Having just done a business-class round-trip to Australia I am impressed by the skills of airline menu writers. I’m equally impressed by the people who write the press releases and statements for HP.  According to a number of references in the press about a conference call Meg Whitman, chief executive, had with analysts  Autonomy had suffered “very disappointing” licensing revenues in HP’s second quarter, ending April 30, with a significant decline year-over-year. Autonomy’s problems were “not the product … It’s not the market … It’s not the competition. This is classic entrepreneurial company scaling challenges – it’s a whole different ball game”.  So Mike Lynch goes, and now has a lot more time to spend the results of HP buying his company. Good for him!

Integrating the 3000 Autonomy employees (especially the sales team) into the 350,000 HP employees was always going to be an interesting challenge. The company was acquired in August 2011 and it would have taken several months just to physically bolt the two companies together.  If it is not the technology, market or competition then the only reason for poor sales lies at the door of HP and not Autonomy. I’m sure that the Autonomy sales and support teams would be determined to show the best that they were capable of. HP has made a decision on just the first substantive quarter of sales. It’s not surprising to me that Autonomy license sales have fallen as prospective customers wait to see exactly what HP are going to do with Autonomy. I’m sure that Endeca sales and Vivisimo sales will also fall for the same reason as Oracle and IBM respectively do the inevitable asset strip and integration of the products into their enterprise stacks both in terms of technology and license structure. Autonomy was a Mike Lynch-centric business, and his departure from the business is not likely to stimulate the sales team to do better next quarter, especially those who made good money from their share options. Indeed according to the BBC a number of senior staff have already left thte company.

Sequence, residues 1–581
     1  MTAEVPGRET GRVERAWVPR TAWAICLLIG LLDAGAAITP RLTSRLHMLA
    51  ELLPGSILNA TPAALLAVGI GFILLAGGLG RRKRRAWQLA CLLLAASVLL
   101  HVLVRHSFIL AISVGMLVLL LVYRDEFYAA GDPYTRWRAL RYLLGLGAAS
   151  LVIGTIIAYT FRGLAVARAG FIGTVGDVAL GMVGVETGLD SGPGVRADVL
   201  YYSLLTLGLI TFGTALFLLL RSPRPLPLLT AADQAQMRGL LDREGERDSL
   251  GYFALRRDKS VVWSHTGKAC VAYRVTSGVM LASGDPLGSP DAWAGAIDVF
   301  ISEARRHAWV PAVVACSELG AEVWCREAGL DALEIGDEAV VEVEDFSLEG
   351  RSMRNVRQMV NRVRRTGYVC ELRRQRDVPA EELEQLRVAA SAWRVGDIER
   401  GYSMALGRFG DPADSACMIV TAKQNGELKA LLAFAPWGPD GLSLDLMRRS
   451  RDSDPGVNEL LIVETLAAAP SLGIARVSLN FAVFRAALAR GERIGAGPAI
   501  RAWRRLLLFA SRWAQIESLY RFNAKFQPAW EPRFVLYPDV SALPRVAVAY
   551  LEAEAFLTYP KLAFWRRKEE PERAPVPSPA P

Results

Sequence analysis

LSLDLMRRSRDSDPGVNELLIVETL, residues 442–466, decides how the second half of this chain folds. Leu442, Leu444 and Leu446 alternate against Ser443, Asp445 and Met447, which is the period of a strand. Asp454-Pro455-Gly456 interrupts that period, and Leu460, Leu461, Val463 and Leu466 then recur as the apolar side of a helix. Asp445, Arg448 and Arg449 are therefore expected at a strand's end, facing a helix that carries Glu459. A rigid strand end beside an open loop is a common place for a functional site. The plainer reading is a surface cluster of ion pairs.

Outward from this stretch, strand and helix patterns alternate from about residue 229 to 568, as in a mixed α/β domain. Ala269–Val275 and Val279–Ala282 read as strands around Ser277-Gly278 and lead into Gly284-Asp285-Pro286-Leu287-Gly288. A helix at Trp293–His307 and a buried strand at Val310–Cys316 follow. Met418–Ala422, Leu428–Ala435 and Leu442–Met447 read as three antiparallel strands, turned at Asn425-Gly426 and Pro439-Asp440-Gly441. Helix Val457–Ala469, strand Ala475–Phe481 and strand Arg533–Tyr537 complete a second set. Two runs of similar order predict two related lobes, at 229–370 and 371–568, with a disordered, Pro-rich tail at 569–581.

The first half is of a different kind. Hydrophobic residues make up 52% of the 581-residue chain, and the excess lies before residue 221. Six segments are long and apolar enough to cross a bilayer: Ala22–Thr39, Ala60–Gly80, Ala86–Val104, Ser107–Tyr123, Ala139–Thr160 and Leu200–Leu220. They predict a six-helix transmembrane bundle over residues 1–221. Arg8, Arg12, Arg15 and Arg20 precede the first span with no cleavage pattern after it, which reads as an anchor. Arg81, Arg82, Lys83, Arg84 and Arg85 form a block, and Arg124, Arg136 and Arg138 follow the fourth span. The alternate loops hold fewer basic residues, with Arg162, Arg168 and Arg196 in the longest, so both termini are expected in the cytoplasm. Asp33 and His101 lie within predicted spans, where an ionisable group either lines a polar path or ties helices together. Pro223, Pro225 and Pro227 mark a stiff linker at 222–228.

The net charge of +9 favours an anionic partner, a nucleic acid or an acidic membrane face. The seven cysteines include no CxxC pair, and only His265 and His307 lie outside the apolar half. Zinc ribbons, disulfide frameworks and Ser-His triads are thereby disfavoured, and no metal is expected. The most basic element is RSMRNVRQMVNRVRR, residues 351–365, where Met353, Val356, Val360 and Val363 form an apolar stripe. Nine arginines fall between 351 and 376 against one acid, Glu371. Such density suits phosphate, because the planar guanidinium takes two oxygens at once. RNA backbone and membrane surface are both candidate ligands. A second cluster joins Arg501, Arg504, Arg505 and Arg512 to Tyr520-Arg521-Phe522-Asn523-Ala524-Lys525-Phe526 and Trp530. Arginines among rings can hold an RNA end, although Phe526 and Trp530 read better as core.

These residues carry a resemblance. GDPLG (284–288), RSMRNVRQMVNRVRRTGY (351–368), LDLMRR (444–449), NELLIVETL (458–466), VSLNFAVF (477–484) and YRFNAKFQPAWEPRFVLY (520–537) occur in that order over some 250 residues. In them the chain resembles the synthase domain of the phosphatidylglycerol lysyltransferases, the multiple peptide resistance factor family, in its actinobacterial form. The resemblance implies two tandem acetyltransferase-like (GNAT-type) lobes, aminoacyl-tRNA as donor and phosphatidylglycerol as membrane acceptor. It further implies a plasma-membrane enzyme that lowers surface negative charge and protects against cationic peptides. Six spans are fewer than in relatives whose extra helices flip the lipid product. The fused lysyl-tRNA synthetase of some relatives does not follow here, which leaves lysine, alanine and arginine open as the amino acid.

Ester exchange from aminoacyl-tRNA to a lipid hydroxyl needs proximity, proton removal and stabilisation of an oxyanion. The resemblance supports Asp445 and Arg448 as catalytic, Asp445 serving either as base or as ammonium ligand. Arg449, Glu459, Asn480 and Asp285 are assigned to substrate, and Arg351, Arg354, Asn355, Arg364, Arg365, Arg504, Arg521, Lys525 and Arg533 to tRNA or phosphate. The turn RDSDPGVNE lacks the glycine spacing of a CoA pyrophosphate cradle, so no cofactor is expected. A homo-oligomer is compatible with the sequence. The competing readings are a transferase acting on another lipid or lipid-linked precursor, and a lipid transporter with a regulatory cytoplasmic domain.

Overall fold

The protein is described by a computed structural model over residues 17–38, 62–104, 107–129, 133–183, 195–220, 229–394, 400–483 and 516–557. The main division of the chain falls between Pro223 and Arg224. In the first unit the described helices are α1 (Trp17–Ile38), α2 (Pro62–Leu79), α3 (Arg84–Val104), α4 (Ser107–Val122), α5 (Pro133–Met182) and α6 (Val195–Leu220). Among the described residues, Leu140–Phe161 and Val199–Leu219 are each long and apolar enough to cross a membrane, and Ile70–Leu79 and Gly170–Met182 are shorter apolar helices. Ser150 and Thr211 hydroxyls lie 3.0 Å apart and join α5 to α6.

Autonomy might not have been universally adored by its customers but it certainly was by its shareholders, and over the years the company proved to be fairly adroit at finding and integrating new businesses. It was certainly enterpreurial and innovative but to suggest that this was now a handicap would not have been the view of Bill Hewlett and David Packard. Many years ago now I had the priviledge of listening to David Packard give a truly inspiring address to a group of industry analysts, talking about his view of the future of innovative IT as a benefit to mankind.

There are indications  that Autonomy was courting Oracle as well as HP. I think the company would have been better off inside Oracle but HP wooed the shareholders with an extraordinary amount of money with seemingly no thought about how the acquisition was going to be managed.  What next for Autonomy?  It may be some time before HP sees an ROI on this particular investment and I suspect that many customers are now considering the future of their investment in Autonomy.

Martin White